Final discussion on long-term care insurance I have a few final items to cover this week concerning long-term care insurance policies. Specifically, there are three areas I want to discuss. This week, I am using a quote Deb and I received from Genworth Life Insurance Company. First, instead of Deb and I buying individual policies, should we take the alternative of buying a joint policy? Second, should we buy a survivorship rider that will pay up all future premiums should Deb or I pass away? Third, should we buy a rider that will return our unused premiums if we die before making a claim? First, it does appear to be cheaper to buy a joint policy than Deb and I each buying individual policies. The joint policy annual premium for the quote was $2,415 for a total of 72 months of coverage. That compares to a total annual cost of $2,815 for individual Deb and Jerry policies that covers 36 months for each of us. On the joint policy, we do get a little more flexibility, because it doesn’t make any difference which one of us uses the 72 months. I could use two months, for example, and the other 70 months would be available for Deb, or vice versa. The minimum months of coverage on joint policies does appear to be 48 months of insurance coverage, while individual policies can be purchased for as short a period as 36 months. It might make sense for Deb and I to purchase a joint policy for 72 months rather than individual 36-month policies. Of course, that presumes we will never let the policy lapse. If we have two individual policies, we could let one lapse, mine for example, and keep Deb’s in force. We would not have this option available to us if we had just one policy. Dropping that policy would drop everything. It can’t be a snap decision to buy the joint policy. Second, the question becomes should we buy a rider that pays up all future premiums should Deb or I pass away? As part of this particular policy, and at no extra cost, should we pay in for 10 years without making a claim, and then Deb or I pass away, and […]
Useful tax tips and information from Jerry Coon of Action Tax Service.
One of the reasons I love baseball left us last week. Ernie Harwell passed away last Tuesday from cancer. Ernie and his partner, George Kell, were the voices of baseball when I was growing up in Coopersville in the 1950s and 1960s. Ernie had a special way of bringing the game alive for me and George was among the best third basemen ever. Back then, there was no ESPN, no Fox Sports, and no cable TV. The Tigers were on Channel 3 and the picture was fuzzy, at best. Few games other than Saturday day games were on TV and, since I wasn’t about to stay inside to watch baseball on TV in the summer, radio was my connection to baseball. It’s still my preferred way to take in a ballgame. In the 1970s, Ernie teamed up with Paul Carey. Ernie was still Ernie and Paul had that deep voice that I imagined was what God must sound like. They were even better to listen to than Ernie and George. Too bad the teams, for the most part, were so bad. Paul retired in 1991, but Ernie hung in there until 2002, when the Tigers requested his retirement. I am one of those who do believe there will be baseball in heaven. I might actually be able to hit a curveball and maybe will get a chance to do some announcing. Who knows, maybe Ernie will be able to hit a curveball, too, and instead of always announcing, he will get to play, too. Imagine that, me announcing a game and Ernie playing. That could only happen in heaven, but how much fun that would be. Before some of us get to heaven, we are going to go through some bad times down here. Those bad times may include home health care, assisted living, or nursing home care. Those bad times can be very expensive. So expensive, in fact, that many of us will spend every cent we have accumulated and will be forced to go on Medicaid. An alternative available to cover some of that expense is to buy long-term care insurance. Deb and I were given a quote from three popular carriers, John Hancock, MetLife and Genworth. The basic quote covered $230 per […]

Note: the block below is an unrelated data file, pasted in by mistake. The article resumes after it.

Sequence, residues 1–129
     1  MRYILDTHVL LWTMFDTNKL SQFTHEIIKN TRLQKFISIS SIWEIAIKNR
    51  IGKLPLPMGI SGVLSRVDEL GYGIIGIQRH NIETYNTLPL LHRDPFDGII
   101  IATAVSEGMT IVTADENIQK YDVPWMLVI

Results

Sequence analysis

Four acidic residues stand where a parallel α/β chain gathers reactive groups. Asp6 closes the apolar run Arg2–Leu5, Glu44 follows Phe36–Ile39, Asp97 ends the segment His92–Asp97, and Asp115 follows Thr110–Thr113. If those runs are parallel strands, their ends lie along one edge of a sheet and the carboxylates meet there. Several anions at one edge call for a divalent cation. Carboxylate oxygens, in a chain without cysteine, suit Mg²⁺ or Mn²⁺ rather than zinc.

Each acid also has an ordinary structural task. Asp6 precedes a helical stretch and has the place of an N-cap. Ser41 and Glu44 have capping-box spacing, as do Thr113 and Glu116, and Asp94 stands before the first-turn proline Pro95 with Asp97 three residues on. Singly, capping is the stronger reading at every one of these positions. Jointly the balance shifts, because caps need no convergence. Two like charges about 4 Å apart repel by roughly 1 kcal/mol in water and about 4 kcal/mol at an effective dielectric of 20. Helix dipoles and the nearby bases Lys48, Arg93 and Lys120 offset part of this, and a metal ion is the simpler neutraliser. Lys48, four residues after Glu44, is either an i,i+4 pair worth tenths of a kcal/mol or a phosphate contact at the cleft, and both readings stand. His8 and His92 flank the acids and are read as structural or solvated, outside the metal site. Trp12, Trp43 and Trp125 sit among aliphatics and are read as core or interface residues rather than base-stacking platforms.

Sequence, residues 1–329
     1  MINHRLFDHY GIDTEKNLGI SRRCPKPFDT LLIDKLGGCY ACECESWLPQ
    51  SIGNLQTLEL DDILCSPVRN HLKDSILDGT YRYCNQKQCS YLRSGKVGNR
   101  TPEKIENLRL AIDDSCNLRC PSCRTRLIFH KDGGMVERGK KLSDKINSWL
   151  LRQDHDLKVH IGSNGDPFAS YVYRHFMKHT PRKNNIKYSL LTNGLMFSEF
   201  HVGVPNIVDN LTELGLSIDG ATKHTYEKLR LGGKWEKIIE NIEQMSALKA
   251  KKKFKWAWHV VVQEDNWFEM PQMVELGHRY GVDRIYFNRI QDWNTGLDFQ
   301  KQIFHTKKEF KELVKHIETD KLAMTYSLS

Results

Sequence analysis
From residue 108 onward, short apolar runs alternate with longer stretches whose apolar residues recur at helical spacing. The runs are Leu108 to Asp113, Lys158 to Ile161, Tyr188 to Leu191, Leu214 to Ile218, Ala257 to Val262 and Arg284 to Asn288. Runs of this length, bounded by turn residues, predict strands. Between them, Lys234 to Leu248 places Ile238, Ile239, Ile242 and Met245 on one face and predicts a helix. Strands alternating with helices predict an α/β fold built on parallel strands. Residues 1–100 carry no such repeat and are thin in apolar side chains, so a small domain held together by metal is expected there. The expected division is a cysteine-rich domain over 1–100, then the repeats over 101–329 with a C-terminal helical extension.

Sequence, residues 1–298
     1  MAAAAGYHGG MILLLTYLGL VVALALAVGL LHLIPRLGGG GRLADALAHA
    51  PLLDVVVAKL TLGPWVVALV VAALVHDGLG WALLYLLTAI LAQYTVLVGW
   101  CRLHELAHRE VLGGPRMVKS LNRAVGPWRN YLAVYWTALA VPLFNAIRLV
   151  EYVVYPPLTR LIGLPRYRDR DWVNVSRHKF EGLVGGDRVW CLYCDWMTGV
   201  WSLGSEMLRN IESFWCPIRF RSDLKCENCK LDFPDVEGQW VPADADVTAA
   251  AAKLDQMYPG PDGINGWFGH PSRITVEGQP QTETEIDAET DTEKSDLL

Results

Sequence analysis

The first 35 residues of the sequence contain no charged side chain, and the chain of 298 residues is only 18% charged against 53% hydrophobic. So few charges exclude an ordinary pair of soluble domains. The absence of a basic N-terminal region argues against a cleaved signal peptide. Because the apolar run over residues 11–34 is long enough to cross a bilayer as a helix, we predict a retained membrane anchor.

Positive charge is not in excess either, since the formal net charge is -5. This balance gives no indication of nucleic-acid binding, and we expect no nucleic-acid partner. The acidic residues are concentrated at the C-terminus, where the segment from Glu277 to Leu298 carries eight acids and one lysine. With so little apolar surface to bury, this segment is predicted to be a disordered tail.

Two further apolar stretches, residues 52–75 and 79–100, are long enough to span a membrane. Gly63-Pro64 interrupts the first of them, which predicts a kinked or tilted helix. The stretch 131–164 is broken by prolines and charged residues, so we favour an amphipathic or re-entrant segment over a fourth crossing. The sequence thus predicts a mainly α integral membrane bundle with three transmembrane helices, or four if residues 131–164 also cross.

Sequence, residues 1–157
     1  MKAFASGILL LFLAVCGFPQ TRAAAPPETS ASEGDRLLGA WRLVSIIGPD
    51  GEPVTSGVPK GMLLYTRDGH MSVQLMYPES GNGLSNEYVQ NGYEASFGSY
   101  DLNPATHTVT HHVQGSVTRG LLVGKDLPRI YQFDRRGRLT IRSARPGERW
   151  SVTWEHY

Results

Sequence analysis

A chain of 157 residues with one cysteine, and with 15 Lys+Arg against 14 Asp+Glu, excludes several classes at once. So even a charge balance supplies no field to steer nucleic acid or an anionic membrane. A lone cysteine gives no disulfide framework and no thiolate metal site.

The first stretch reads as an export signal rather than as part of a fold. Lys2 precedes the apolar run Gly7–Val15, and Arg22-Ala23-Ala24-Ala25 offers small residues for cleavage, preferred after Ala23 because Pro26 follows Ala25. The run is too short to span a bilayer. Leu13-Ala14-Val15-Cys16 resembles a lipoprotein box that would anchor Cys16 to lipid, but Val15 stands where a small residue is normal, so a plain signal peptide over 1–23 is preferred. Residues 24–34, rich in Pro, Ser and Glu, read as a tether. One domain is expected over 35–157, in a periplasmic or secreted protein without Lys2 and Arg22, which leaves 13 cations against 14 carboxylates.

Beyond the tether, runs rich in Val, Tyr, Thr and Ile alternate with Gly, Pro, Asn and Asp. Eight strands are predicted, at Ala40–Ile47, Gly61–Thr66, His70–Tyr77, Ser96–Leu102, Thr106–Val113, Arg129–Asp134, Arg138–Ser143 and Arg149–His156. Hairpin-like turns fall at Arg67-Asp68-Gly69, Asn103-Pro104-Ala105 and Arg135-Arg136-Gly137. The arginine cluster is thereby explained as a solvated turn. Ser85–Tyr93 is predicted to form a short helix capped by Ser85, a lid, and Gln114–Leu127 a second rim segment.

More on cost of health, nursing care Last week, I began a discussion on the subject of the costs of health and nursing care and how we are going to pay for that cost during retirement. According to the Department of Health and Human Services, the blunt fact is that taxpayers age 65 and over have a 40% chance of enduring a stay in a nursing home. The trade group, America’s Health Insurance Plans, reports that taxpayers age 85 and over have a 55% chance of being sufficiently disabled; they will require long-term care. The average stay in a nursing home is currently 875 days or 2.4 years—55% of all people pass away within one year of being admitted, but 21% stay for more than five years. The average total time spent between home health care, assisted living, and nursing home totals to just over three years. These time spans and percentages have been climbing as our life expectancies have been climbing. Unfortunately, the costs of home health care, assisted living, and nursing home care have also been rising. Currently, on a national average, home health care costs $25 per hour, unless you need certified nursing help, then the cost rises to $36 per hour. Nationally, assisted living costs $2,714 per month or $32,572 per year and nursing home care costs $204 per day or $74,806 per year. Those are astronomically high figures, especially the nursing care cost. However, here in Michigan, our costs are lower than those on the east and west coasts. In San Francisco, the daily cost is $300 or $109,500 per year and in New York, a person will pay $314 per day or $114,610 annually. From my personal experience, I would say our costs in Michigan are closer to the national average. We can draw at least two conclusions from these facts and figures. The first is that it’s going to be expensive if we require some form of health care, whether it is home health care, assisted living, or nursing home care. The second is that it’s almost a certainty, if we live long enough, that we will require some type of nursing care. That form of care could involve paying for home health care, paying for assisted living, […]